Missed or Late Diagnosis: The Blindness to ADHD in Women

ADHD Diagnosis and Treatment – A Systemic Bias

There is a bias in the diagnosis of ADHD that shows up in the statistics about the condition. According to the National Institute of Mental Health, males are almost three times more likely to be diagnosed with ADHD than females. And during their lifetimes, 13 percent of men will be diagnosed with ADHD while just 4.2 percent of women will be diagnosed.

Why such a large discrepancy? At least part of the answer to that question includes:

  • Lack of understanding of the differences in how ADHD symptoms present between males and females and the timing of when they first appear. For example, ADHD in girls usually shows up later than for boys and is the inattentive type versus the hyperactive type of presentation.
  • A bias toward the male presentation in diagnostic tools – e.g., on hyperactivity. This relates to the historical origins of the diagnostic tools when less was known about the condition.
  • Clinical focus on the comorbidities of ADHD rather than the condition itself in women. Often, with girls and women, clinicians diagnose and treat only the anxiety and depression that often occur with ADHD rather than the underlying condition itself.
  • Complicating factor of short and long term estrogen cycles that can mask underlying ADHD.

The Fallout

In addition to the day-to-day problems of executive function impairment – attention, prioritization, organization – untreated ADHD can have severe long term consequences for women. For instance, girls and women with ADHD are much more likely to:

  • Engage in self-harm and suicidal ideation
  • Struggle academically and experience work-related problems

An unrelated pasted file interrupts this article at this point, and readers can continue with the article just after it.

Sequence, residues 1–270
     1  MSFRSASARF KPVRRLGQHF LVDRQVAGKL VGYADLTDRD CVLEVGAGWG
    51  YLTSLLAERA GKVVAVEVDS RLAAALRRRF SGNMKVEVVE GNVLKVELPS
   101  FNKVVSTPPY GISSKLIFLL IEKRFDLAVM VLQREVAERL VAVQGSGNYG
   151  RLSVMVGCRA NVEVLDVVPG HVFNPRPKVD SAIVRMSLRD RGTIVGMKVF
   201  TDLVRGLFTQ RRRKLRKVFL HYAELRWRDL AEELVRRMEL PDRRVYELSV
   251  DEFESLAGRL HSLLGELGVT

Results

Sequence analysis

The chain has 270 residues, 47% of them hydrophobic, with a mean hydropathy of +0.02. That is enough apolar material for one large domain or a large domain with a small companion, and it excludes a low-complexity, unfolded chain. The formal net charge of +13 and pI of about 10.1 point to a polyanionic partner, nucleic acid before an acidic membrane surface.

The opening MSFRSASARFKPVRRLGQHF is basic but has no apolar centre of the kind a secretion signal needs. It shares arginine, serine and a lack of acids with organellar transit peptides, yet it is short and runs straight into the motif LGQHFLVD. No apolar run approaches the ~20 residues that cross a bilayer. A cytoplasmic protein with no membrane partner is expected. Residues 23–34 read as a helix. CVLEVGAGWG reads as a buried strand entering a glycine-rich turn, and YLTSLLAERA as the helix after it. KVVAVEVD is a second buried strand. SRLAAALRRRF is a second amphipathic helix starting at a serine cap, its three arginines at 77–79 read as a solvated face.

• Face problems establishing and maintaining relationships
  • Have unplanned pregnancies
  • Suffer more violence from intimate partners

All of these can have a devastating impact on self-esteem.

How ADHD Symptoms Typically Show Up in Women

Some signs of potential ADHD in women may include:

  • Feeling overwhelmed in crowded or busy environments
  • Struggling to stay organized and on top of routine things
  • Experiencing large swings in energy and activity levels
  • Difficulty coping in social situations and missing routine social cues
  • Regularly¬† experiencing feelings of low self-esteem
  • Unable to manage clutter and organize your household
  • Difficulty with routine money management

There are numerous self-assessments you can take if you believe you might have ADHD. Following that, you should schedule a visit with a clinical professional trained in diagnosing adult ADHD. If you are diagnosed, your treatment regime may involve medication, therapy and / or coaching.

Removing the Bias

Ultimately, as more women seek treatment and diagnosis for ADHD, researchers need to conduct more studies that look at gender differences in the condition, create more targeted diagnostic criteria, and develop forms of treatments that better serve females. This of course needs to be communicated to the clinical professionals who make the diagnoses and deliver the treatments.

References

  1. https://www.additudemag.com/adhd-in-women-girls-symptoms-diagnosis-recommendations/–
  2. https://www.verywellmind.com/add-symptoms-in-women-20394–
  3. https://www.healthline.com/health/adhd/facts-statistics-infographic#fast-facts–
  4. https://www.webmd.com/add-adhd/adhd-in-women–

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